Top tips for recruiting the right family lawyer

It is an exciting time when the need arises to expand the team.

It means the team is growing, the volume of work is increasing to warrant a new member and therefore profitability, and a new personality can be a great addition for the wider team dynamic and the firm as a whole.

The NQ lawyer may one day be the managing partner.

But how do you know you are recruiting the right person? When interviewing, especially for a newly qualified family lawyer, it’s important to assess not only their legal knowledge and skills but also their interpersonal abilities, empathy, and fit with your firm’s culture.

We know that family law is one of the most challenging practice areas in terms of handling the parties’ emotions and the complexities of resolving the finances and children disputes. You therefore need the right person for the job.

Here are some questions that might assist to cover their experience with client work as well as their skills and their aspirations:

“Can you share a bit about your journey into family law? What drew you to this area of practice?”

“Imagine you’re handling a case where the clients are going through a tough child arrangement battle. How would you approach the situation to ensure the best outcome for the children involved?”

“If you had a client who was overwhelmed and emotional about their divorce proceedings, how would you support them through this process?”

“In your view, what are the most important skills for a successful family lawyer, and how have you developed these skills?”

“How do you handle stress or pressure, especially in emotionally charged cases?”

“Where do you see your career in family law heading in the next five years?”

“Can you give an example of a successful teamwork experience in your past work or studies?”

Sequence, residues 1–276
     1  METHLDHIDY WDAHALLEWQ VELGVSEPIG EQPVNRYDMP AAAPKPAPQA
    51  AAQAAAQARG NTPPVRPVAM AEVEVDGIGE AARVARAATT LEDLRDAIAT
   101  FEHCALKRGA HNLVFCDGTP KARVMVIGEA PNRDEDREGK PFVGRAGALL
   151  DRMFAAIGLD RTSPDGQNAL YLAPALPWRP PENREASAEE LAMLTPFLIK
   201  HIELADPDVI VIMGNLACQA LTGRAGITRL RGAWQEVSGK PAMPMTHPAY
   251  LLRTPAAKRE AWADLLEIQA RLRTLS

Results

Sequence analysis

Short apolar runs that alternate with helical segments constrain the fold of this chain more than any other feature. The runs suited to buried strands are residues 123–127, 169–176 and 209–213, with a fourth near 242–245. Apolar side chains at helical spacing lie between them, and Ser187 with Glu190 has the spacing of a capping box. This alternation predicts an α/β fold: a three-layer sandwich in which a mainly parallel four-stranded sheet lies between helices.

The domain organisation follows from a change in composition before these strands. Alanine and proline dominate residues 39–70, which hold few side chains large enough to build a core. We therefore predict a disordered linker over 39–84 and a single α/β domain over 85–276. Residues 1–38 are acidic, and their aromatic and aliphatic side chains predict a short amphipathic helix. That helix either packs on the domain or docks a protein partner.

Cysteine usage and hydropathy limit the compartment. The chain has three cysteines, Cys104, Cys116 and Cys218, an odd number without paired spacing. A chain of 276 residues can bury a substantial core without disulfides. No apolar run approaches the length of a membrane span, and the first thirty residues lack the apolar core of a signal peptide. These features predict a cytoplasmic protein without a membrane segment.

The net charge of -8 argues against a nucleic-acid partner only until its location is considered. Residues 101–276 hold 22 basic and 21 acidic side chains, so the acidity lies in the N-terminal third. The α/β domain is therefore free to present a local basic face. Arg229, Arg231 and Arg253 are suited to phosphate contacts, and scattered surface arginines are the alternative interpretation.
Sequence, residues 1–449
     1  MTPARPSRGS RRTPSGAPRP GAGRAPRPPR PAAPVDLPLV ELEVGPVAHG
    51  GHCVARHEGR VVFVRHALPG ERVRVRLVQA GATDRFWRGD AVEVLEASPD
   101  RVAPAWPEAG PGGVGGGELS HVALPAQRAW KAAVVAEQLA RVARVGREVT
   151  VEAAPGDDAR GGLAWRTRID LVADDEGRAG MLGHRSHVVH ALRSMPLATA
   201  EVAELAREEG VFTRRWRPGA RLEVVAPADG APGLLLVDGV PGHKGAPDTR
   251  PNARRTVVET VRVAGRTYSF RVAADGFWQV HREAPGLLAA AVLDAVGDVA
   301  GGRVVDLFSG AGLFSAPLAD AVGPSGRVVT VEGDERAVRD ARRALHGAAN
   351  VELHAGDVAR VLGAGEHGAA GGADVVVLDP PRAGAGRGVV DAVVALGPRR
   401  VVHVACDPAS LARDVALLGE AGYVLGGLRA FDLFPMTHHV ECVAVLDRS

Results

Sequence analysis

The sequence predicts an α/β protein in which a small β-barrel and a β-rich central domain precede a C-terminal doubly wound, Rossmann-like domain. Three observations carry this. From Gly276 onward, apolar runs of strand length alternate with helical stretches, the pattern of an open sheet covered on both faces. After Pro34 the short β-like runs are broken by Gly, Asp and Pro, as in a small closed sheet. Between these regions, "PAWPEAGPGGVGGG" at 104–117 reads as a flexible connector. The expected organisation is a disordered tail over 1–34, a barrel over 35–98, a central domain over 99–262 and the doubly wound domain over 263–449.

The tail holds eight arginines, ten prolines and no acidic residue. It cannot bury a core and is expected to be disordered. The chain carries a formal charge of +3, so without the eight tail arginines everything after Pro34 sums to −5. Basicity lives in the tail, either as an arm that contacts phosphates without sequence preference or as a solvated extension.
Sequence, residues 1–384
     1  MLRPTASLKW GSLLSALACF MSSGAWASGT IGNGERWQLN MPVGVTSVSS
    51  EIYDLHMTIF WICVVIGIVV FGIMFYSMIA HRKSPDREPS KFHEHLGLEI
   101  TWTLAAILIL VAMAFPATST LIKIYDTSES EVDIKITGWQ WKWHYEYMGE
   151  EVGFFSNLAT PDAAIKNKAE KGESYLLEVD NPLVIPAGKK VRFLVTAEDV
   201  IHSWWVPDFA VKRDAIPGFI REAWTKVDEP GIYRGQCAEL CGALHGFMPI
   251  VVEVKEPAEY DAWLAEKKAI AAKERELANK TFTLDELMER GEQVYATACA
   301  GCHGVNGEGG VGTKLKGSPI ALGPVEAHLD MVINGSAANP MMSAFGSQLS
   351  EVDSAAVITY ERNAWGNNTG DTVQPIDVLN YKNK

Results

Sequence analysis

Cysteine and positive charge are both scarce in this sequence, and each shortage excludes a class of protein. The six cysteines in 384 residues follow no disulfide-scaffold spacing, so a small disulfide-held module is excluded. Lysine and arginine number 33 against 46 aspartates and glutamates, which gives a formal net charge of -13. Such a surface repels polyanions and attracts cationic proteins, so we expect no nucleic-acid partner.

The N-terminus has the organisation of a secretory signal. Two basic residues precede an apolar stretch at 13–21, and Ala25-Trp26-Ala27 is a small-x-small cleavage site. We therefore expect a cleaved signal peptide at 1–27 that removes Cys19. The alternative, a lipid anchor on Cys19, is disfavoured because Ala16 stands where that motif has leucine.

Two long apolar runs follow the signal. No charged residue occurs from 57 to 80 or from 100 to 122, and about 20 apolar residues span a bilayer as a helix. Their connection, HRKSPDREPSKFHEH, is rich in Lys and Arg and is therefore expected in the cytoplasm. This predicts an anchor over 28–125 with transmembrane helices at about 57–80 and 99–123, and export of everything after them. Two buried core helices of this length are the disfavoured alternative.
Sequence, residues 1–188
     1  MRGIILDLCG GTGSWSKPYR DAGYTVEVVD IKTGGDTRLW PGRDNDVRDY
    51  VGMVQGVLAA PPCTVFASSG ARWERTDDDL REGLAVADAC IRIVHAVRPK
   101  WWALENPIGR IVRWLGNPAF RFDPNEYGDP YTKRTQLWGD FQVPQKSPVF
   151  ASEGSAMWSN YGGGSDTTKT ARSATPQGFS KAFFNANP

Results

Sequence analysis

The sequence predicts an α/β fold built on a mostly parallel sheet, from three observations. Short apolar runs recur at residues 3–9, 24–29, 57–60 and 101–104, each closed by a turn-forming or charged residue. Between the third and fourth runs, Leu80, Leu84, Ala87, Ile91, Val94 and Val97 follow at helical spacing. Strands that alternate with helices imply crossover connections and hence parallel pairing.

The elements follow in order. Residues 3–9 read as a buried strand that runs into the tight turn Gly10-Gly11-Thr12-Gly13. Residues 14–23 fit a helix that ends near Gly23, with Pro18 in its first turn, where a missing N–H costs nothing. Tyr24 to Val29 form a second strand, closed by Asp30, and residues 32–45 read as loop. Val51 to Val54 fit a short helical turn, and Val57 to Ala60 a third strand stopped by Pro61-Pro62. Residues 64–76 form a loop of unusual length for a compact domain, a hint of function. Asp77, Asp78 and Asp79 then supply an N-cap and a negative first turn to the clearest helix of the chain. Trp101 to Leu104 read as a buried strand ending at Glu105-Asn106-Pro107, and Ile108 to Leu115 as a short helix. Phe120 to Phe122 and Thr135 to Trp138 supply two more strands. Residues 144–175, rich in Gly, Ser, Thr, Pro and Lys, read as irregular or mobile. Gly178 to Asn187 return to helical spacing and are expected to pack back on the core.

The tone of the interview is just as important as the content. Keep it conversational and allow the candidate to share their stories and experiences. This will not only give you insight into their qualifications,  but also into their personality and how they might fit into your team.

Consider also whether you wish to ask colleagues in other teams to meet the candidates, so you have a well-rounded view from colleagues in different practice areas and at different stages of their careers.

An interview is a two-way process and so you should hope the candidate will ask questions about the firm’s values and culture, career progression and how they will be supported with this, training and development needs, the current case load and calibre of the wider team’s cases and how their work life balance will be met. They will sensibly also be thinking about their salary bracket and so the firm should remain competitive.

The candidate will be wanting to find a job that helps them develop their professional skills , career and aligns with their personal values and you should be looking for the candidate that will meet your expectations of legal qualification and upholds the firm’s vision.

What sets your firm apart from the next when new qualified lawyers are looking to move to a new job?

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